Suppose I have created an alias on my desktop of the file ‘report.cwk’ which file is in my folder
‘Documents’. Now, if I were to move the file ‘report.cwk’ from the folder ‘Documents’ to another
location, double-clicking the alias would still open the file. Great! I may even rename the original
file ‘report.cwk’ to something else, such as ‘funny_story.cwk’. That is because the alias does
not store the location (and name) of the file ‘report.cwk’ as
but rather as a kind of ID. The Finder maintains a database of these IDs together with the
current whereabouts of the corresponding files (and folders and applications, for that matter).
So, if I move the file ‘report.cwk’, its unique ID remains the same, but the Finder changes its
internal database to reflect the new location of the file. When I double-click the alias, the ID
contained by it is used by the Finder to find out which file corresponds to the ID, and the
Finder will open the correct file.
To have a script that does not break if the file (or folder) a script refers to is removed or
renamed, our script should contain the ID of the file (or folder), instead of a ‘hard-coded’ path.
AppleScript allows for this .
set thePath to alias "Macintosh HD:Users:ik:Documents:report.cwk"
It is very important to note that the statement of script  refers to the original file present in the
folder ‘Documents’, and not some user-created alias of that file, like the one I purported to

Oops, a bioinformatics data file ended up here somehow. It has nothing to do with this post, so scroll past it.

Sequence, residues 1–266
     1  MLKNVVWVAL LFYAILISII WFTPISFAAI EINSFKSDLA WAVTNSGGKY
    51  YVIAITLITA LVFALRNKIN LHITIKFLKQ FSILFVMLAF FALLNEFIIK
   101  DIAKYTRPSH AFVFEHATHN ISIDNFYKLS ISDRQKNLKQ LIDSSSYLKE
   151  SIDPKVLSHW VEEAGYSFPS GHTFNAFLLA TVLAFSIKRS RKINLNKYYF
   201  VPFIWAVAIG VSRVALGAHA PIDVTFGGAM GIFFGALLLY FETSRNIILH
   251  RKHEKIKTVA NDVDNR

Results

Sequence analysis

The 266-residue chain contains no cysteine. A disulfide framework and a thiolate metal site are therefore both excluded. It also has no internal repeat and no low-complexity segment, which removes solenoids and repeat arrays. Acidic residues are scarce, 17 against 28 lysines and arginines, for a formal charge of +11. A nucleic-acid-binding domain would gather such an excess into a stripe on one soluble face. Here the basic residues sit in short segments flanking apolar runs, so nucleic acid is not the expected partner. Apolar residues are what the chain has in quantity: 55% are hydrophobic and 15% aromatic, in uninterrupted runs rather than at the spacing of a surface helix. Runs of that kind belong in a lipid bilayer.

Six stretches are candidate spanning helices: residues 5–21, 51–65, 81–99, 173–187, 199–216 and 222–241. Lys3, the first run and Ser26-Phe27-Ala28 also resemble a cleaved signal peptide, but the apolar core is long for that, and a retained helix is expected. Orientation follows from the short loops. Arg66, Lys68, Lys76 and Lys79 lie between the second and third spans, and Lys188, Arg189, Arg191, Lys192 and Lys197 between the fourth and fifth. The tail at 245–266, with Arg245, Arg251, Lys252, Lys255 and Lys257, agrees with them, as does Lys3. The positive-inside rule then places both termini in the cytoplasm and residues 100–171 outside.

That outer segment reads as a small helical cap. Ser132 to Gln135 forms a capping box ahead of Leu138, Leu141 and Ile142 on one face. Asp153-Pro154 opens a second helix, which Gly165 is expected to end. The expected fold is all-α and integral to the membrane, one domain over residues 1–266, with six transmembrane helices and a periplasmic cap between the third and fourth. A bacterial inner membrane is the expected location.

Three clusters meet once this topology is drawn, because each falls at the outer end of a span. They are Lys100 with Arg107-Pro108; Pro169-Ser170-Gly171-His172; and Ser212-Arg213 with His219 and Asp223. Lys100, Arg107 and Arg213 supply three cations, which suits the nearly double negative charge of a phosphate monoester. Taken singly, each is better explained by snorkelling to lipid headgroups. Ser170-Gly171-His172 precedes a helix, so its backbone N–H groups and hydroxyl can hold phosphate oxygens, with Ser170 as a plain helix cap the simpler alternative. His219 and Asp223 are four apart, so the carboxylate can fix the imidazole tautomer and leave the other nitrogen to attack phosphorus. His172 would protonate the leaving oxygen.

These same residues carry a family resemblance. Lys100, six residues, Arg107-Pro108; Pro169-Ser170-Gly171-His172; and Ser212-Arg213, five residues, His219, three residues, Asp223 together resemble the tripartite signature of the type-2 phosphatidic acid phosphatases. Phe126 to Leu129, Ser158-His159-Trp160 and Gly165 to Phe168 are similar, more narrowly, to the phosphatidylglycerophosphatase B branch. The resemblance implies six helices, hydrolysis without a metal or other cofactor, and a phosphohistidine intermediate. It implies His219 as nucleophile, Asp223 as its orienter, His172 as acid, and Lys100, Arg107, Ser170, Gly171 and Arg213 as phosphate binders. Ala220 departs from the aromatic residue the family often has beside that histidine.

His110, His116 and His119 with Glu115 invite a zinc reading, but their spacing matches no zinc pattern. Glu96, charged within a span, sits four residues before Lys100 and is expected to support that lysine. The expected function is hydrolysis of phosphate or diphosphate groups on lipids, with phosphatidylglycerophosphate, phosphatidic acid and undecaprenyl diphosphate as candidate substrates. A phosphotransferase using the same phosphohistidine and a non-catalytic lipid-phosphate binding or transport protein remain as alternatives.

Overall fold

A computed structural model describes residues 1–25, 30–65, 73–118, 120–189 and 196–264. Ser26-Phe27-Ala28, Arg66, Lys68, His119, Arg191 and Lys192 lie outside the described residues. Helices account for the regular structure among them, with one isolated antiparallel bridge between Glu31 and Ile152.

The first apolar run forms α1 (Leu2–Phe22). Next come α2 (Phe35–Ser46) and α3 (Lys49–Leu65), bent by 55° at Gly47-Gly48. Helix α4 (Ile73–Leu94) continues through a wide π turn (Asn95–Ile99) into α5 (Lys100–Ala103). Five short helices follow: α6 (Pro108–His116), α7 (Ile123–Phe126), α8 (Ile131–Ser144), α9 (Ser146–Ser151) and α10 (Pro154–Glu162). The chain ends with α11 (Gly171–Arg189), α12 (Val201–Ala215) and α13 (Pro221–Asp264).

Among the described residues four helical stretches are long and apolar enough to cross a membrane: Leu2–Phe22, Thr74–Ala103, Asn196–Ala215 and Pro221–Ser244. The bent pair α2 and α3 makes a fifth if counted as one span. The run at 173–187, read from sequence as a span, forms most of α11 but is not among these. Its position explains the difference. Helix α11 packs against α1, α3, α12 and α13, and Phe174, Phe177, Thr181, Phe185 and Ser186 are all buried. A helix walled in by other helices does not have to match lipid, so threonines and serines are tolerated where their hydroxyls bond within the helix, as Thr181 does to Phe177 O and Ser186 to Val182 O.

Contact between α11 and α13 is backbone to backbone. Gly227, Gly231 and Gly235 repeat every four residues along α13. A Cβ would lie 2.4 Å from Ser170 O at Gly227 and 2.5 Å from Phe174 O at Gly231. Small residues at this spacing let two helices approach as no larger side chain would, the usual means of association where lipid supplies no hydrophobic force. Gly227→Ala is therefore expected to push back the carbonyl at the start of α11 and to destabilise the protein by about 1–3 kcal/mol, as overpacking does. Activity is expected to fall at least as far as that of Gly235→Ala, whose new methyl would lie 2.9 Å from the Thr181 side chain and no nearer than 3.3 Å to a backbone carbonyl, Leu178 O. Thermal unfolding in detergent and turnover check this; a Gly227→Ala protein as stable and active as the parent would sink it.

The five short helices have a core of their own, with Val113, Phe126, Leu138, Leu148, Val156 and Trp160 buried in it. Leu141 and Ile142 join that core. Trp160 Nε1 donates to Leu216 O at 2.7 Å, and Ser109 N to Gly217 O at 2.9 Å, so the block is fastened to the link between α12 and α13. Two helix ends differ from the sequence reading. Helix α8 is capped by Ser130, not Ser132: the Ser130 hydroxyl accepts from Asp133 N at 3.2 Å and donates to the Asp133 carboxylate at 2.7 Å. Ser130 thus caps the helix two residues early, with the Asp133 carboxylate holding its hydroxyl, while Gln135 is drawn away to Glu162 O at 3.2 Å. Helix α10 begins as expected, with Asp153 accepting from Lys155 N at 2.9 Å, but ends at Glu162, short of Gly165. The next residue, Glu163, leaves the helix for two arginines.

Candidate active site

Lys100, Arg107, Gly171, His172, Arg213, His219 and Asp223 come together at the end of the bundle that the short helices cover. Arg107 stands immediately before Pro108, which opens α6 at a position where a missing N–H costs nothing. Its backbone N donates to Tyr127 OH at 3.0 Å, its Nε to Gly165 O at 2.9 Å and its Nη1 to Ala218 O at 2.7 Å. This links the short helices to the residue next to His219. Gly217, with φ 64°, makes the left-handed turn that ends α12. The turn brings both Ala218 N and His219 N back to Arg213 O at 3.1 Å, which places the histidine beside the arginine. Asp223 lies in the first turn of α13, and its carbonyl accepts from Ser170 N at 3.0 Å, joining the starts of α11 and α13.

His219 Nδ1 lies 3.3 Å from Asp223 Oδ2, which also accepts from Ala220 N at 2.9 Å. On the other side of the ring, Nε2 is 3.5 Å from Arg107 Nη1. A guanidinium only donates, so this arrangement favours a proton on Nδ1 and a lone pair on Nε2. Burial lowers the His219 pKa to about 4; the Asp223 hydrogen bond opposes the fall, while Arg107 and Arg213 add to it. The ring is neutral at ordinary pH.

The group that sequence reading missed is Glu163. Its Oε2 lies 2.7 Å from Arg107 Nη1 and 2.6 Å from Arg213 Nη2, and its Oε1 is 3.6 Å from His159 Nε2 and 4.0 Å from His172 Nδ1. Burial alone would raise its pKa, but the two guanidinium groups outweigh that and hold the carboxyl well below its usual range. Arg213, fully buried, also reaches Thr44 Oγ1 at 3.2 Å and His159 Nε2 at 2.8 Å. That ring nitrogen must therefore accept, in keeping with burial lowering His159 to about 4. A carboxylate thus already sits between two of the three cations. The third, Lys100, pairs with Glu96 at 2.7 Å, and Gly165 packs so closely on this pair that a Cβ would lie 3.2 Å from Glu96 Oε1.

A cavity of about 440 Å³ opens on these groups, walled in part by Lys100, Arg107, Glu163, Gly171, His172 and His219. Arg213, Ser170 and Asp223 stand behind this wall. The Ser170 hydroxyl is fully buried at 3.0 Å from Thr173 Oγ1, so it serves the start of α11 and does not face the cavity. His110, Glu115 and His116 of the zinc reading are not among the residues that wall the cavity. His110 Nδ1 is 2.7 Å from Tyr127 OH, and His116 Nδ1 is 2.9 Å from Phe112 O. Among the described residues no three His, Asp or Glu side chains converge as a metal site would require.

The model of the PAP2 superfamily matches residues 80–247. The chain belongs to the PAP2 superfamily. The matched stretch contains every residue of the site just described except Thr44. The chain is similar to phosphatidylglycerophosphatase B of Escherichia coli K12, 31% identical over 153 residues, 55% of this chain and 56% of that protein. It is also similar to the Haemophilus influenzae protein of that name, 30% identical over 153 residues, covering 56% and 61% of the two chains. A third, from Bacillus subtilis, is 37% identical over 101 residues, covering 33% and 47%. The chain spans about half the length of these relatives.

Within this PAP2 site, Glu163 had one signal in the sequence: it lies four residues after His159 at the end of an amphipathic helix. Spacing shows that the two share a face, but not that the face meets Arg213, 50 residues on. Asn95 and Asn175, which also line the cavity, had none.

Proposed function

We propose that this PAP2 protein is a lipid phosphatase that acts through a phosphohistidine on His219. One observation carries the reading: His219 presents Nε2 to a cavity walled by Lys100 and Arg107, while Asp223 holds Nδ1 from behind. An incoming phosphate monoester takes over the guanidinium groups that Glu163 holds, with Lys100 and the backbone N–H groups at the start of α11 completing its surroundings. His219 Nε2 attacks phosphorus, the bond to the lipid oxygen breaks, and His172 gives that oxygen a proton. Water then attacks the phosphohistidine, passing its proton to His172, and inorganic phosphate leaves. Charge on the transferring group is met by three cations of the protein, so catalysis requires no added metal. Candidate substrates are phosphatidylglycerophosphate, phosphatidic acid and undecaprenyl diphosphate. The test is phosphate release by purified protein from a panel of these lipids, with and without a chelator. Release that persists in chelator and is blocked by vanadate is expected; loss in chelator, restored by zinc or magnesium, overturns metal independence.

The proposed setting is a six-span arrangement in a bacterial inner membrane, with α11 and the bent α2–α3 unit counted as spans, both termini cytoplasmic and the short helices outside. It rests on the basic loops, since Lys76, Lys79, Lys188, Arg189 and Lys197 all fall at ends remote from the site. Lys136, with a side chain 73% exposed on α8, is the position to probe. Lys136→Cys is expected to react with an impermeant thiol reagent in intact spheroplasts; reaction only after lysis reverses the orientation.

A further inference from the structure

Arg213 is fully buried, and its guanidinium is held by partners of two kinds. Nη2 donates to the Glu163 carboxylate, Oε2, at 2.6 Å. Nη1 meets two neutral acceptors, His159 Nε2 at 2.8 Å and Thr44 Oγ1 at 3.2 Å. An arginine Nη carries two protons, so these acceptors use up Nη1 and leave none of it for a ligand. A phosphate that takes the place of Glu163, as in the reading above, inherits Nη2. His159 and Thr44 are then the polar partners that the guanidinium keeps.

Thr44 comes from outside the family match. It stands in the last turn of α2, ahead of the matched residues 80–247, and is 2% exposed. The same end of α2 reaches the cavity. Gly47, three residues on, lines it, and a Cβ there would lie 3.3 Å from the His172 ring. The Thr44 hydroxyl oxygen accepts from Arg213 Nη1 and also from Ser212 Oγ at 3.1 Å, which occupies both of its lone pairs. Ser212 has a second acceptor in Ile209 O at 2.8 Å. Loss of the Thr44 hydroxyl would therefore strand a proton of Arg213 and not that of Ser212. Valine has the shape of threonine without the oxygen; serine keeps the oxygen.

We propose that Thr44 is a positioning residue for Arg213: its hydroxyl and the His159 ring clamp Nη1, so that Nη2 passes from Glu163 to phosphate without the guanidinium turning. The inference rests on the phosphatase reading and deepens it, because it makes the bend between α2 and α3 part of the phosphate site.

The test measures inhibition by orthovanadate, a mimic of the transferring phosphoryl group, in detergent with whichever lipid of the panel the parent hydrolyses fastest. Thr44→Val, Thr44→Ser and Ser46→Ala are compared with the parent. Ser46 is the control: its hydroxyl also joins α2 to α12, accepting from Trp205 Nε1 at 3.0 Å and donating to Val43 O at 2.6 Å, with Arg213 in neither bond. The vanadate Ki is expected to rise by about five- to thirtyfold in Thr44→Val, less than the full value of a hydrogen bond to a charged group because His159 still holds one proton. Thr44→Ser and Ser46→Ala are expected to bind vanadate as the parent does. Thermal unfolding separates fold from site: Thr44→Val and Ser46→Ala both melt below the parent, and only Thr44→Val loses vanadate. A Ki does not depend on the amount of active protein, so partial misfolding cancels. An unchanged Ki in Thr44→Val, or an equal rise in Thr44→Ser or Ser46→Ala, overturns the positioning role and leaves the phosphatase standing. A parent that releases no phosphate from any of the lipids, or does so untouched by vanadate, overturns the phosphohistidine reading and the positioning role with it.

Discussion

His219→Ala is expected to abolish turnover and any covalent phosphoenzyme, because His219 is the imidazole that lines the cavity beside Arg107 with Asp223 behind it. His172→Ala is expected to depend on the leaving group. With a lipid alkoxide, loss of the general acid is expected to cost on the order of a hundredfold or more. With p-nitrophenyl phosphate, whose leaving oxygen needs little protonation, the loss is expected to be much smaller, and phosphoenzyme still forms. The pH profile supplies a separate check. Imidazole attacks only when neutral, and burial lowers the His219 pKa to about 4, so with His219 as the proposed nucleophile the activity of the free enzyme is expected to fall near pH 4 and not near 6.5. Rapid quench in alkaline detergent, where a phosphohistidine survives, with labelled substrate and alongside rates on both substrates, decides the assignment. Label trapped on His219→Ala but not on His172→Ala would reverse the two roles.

have on my desktop. In the statement of script , ‘alias’ is a keyword indicating that,
compilation (i.e. checking of the syntax), the script should remember the ID of the file and,
upon execution, should not ask the Finder for a file at the location as specified by the defined
path, but based on the ID.
If you run the script , and check its result in the result field, it looks like this:
So, you do not get to see the ID itself. However, the word ‘alias’ before the path tells you that
internally the script works with the ID, and not with a hard-coded path. Now, with the script
being compiled, move the file ‘report.cwk’ to another location and run the script again. I moved
the file into a folder named ‘Miscellaneous’ inside my folder ‘Documents’. Even though the
script, and in particular the path in script , has not changed, the result now is
alias "Macintosh HD:Users:ik:Documents:Miscellaneous:report.cwk"
Try this yourself (again, your path looks different because of your login name that is probably
not ‘ik’ and perhaps because you may use different folder names)! If you save the script as a
compiled script or an AppleScript application, the ID is stored, and next time you run the
script, it will perform flawlessly even if you moved or renamed the original file. It should not
surprise you that the script will fail if the file has been deleted.
In summary, you have two ways of dealing with paths in scripts. You can either specify a file
location (hard-coded, using file “
), or you can use the ‘alias’ keyword to make the